While these decorations may look random, can you see the rule of odds in there too? I’ve placed the decorations in and around the pies in groups of 1 or 3, with the groups of three, forming triangles, which also adds interest to this composition.

Three subjects food photography example photo

Example 2 – five subjects

Onto this next example, we’ve got five things going on, rather than three. This allows multiple triangle shapes to be present in the photo, framing each piece nicely. I still kept the main subjects to just three, to make sure that the photo had a focus.

Here’s how my plan looked on the composition kit:

Food Photography Example with five subjects sketch

The extra white bowl and tea strainer act as nice complementary elements to the main photo. Don’t be afraid to use your props in this way, to add shape and direction to your food photos.

In order to help the white bowl fit into the scene, I added some flour to it, as it’s something that would naturally be found on a table where you were rolling out pastry. Whenever you’re thinking about adding an element to your photo, make sure that it makes sense with what you’re shooting, as everything that goes in the frame adds to your story.

Here’s how the final photo looks, using the rule of odds with five subjects:

Rule of odds with five subjects - food photography example

Example 3 – seven subjects

In the last example, we’re moving from five up to seven items. In this photo, I’ve used the three pies, plus four bowls, to create a diagonal line shape in the composition. When there are this many items in a photo, as well as the line shape there are also many triangles formed.

Here’s how this one looked in the plan:

Rule of odds example sketch with 7 subjects

I moved the sieve into the corner and placed it on a napkin to make it a bit less central, so it no longer features as a main piece in the photo. Instead it acts like a leading line down to the main pies. Here’s the final photo:

How to Instantly Improve your Food Photography Composition using the Rule of Odds

When the rule of odds doesn’t work for food photography

Beyond seven items, your brain stops being able to tell the difference between an odd and an even number, and instead just sees many objects, so in that case, the rule of odds becomes a bit obsolete.

For example, in this photo of these blueberries, which I took just before I made these pies, there are so many, you would never know if there’s an odd or even number.

Blueberries macro shot

So there you have a simple but effective composition technique to try out in your food photography, the rule of odds. Don’t forget to download your free composition planning kit to help get you started with the rule of odds in your food photography!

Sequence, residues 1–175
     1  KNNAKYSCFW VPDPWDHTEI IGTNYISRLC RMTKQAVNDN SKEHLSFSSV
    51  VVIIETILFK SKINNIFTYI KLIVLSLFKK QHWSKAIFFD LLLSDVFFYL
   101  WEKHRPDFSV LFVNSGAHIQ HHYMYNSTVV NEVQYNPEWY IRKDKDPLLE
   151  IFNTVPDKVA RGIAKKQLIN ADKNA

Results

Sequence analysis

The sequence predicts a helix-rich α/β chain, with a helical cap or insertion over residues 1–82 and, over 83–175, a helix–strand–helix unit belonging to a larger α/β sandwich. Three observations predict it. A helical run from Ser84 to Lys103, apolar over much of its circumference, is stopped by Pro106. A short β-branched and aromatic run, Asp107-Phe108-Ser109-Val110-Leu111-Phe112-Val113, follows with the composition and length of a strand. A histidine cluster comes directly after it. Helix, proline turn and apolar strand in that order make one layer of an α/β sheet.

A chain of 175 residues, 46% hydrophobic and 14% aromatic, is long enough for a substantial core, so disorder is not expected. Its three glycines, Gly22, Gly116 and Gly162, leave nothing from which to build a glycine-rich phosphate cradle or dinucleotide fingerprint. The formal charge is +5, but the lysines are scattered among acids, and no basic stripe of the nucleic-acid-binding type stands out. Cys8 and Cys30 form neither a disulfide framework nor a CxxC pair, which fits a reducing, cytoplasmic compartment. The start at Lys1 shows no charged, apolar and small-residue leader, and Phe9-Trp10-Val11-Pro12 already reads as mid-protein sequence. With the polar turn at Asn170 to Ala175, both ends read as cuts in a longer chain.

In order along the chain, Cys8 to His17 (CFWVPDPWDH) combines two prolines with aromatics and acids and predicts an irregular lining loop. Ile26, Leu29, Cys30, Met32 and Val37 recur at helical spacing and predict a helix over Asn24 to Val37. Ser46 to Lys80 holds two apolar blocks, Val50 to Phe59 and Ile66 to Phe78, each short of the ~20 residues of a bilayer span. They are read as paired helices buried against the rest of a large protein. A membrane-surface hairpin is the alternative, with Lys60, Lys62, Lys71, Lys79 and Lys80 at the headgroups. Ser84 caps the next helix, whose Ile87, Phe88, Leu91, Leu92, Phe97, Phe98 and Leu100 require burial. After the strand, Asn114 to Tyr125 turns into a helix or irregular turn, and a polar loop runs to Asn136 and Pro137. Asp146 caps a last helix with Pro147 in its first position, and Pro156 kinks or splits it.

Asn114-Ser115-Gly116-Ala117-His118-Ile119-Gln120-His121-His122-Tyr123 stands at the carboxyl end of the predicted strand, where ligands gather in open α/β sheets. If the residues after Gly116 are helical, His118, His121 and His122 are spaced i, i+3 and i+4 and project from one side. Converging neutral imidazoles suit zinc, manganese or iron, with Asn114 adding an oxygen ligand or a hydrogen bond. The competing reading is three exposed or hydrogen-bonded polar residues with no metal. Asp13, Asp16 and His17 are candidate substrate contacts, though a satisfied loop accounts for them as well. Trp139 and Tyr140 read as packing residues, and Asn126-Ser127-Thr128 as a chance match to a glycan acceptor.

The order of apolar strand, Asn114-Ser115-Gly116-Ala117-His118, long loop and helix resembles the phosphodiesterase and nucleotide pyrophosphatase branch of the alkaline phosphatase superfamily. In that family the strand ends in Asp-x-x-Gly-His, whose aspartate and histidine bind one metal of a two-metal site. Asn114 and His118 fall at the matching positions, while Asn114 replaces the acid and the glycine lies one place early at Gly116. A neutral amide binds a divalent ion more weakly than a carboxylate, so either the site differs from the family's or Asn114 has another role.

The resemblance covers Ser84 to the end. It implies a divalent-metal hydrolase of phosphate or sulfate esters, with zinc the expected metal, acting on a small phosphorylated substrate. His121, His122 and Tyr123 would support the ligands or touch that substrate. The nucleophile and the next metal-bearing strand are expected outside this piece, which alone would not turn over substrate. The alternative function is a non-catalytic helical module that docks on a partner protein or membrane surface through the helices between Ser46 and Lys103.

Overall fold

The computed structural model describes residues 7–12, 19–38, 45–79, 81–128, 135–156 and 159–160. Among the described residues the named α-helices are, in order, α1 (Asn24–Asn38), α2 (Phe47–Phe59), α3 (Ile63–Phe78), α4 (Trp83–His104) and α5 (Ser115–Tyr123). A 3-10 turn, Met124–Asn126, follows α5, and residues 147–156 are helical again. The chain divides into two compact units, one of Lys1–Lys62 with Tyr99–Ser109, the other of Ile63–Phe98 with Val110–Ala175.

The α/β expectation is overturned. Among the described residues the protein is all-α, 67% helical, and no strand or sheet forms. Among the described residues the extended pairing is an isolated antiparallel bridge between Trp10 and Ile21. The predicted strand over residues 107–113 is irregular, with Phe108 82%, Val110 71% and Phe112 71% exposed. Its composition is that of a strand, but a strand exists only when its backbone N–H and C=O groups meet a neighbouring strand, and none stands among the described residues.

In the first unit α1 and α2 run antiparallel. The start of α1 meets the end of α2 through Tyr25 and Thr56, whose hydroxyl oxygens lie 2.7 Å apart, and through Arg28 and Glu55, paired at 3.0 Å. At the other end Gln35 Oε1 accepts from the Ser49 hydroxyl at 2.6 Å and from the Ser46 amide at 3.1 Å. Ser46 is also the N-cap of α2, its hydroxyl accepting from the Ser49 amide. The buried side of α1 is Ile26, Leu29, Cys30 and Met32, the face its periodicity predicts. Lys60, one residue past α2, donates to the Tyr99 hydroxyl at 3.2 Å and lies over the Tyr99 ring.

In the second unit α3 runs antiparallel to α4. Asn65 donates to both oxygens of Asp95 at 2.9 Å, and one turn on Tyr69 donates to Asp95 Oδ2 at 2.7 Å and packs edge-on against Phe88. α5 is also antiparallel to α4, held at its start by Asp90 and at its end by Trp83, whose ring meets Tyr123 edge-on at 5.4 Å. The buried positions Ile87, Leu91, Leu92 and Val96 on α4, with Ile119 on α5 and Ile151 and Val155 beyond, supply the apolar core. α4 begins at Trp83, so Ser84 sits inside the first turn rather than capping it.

Free Resource

Food Photography Composition Kit Cover

Stop guessing and start implementing with my foolproof composition system. Elevate your food photography from good to great with composition techniques.

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1 year ago

looks great


[…] Rule of OddsOur brain looks for evenness and symmetry, which make great photos… However, this principle […]

2 years ago

Informative blog, click here to know more
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[…] The rule of thirds collaborates with the Rule of Odds through this capturing of three young men venturing through The Yard. According to the Rule of Odds, an odd number of subjects can “produce a more interesting, and more visually pleasing composition”, as stated by “Food Photography Academy”. […]

3 years ago

I’ve been struggling with taking photos for over a year for my tea business–and alot of the site I found to learn are a bit to complicated. Now I’m adding jams and scones and decided to look for a food photography blog on Pinterest– so glad to have found this post! thank you for creating an easy to understand post– I can’t wait to try these practices with some tea later today!

Hossam Gomaa
Hossam Gomaa
3 years ago


3 years ago
Reply to  Hossam Gomaa


3 years ago

hello! may i know your youtube channel?

Judith Takens
3 years ago

Thank you so much for these helpful tips!


[…] Source: That’s Sage […]

4 years ago

it’s so benefit and interesting , thanks ..